Phil Willmott travels through theatreland...

And reviews The National Theatre's Every Good Boy Deserves Favour and August: Osage County.

The National Theatre’s revival of Tom Stoppard’s Every Good Boy Deserves Favour was always a dead cert for a lump in the throat. You can’t go too far wrong with shaven headed political prisoners discussing their plight in front of a full symphony orchestra banging out cod Russian orchestral music. The directors have also added the requisite back lighting, smoke and standard-issue physical theatre (as usual, dancers throw chairs at each other in slow motion to represent angst) so you’re guaranteed emotional punch. Leading actors Joseph Milson and Toby Jones are right on the button too as victims of a cruel penal system but is it all a bit hollow?

Stoppard describes the creative process in the programme and freely admits it developed out of an intellectual conceit rather then a passion to expose the inhumanity of locking dissidents in asylums. As a result the dialogue is so often smug in its cleverness rather then heart felt.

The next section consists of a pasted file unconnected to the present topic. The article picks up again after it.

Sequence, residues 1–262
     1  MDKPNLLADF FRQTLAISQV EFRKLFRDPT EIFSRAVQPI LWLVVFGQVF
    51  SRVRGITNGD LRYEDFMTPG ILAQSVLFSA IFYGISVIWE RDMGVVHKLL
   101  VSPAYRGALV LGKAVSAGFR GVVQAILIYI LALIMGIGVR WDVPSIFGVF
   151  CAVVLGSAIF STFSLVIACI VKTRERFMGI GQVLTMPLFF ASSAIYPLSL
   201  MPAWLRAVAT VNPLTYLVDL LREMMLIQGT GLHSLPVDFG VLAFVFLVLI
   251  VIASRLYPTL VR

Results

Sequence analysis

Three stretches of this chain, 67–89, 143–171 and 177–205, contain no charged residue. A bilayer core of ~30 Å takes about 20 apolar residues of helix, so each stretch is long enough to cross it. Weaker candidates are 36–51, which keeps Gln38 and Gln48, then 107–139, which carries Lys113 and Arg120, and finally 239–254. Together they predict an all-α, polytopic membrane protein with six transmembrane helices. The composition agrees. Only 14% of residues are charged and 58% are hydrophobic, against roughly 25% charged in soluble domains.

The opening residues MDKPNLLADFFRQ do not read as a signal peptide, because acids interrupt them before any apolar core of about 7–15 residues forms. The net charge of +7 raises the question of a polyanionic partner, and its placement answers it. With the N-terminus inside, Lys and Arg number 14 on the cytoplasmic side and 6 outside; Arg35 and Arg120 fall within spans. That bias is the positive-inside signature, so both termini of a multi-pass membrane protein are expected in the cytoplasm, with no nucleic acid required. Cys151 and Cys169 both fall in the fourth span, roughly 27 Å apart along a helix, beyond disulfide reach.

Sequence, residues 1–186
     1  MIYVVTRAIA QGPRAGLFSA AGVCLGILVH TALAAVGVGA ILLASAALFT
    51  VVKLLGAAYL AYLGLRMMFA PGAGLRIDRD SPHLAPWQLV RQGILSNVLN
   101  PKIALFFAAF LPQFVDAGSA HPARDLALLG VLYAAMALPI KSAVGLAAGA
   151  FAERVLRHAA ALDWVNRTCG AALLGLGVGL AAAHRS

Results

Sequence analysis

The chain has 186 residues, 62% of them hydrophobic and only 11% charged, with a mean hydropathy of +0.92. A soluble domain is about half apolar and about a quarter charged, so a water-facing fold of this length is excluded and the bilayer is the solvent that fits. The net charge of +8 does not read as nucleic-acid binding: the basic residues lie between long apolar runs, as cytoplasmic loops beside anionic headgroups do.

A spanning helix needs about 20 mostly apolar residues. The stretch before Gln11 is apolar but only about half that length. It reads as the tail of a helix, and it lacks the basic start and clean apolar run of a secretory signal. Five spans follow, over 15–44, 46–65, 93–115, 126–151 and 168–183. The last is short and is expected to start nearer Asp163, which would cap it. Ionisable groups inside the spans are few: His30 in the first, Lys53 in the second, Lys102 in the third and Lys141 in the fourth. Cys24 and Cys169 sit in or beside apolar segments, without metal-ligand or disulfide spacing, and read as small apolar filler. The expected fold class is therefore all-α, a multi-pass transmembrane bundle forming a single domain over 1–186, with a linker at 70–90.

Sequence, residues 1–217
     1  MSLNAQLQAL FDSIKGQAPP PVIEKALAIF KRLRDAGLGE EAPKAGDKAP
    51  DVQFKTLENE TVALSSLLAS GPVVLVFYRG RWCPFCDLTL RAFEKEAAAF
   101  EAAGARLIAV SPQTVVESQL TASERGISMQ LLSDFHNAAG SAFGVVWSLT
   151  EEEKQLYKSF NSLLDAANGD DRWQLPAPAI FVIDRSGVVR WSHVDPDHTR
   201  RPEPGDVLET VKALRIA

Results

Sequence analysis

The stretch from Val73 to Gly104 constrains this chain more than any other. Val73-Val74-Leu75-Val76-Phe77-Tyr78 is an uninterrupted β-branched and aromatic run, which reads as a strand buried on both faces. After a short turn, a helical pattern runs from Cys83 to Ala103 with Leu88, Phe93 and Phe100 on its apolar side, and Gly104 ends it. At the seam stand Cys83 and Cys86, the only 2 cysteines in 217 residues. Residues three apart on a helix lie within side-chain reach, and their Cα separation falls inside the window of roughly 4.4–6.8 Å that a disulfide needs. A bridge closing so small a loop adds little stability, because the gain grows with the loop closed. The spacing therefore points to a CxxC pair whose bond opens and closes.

But at only an hour long there’s easily time to have your social conscience pricked, feel worthy about it over dinner and be back in Hampstead in time for the baby sitter.

(Or for a more authentic experience you could browse the Amnesty International website and donate the cost of your ticket to them)

However don’t miss The National’s transfer of August: Osage County in their Lytleton theatre (pictured above). I’ve raved about the New York production of this domestic blitz here before. I'm glad to say it has arrived on The South Bank gloriously intact with some of the best acting you’ll see anywhere and a plot as audacious as any Tennessee Williams melodrama. There’s no seats left but I know several people who’ve stood through this three-hour epic of family meltdown and still had a great time.

Phil Willmott has directed over fifty productions across the world from Shakespeare & musicals to cutting edge new writing. He is founding Artistic Director of his own multi award winning theatre company The Steam Industry, incorporating The Finborough Theatre (under the Artistic Directorship of Neil NcPherson) and the London's annual Free Theatre Festival at the open-air "Scoop" amphitheatre on the South Bank.

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